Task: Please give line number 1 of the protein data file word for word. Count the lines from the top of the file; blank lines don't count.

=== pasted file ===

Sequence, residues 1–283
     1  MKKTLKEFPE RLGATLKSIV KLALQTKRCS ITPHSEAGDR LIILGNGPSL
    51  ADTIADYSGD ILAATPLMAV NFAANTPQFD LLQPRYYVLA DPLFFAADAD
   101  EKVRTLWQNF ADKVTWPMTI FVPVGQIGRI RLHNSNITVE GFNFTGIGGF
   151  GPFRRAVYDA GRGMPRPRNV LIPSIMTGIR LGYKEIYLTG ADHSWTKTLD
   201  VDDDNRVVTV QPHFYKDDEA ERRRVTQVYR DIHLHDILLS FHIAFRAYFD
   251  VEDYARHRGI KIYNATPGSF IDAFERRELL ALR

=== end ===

Sequence, residues 1–283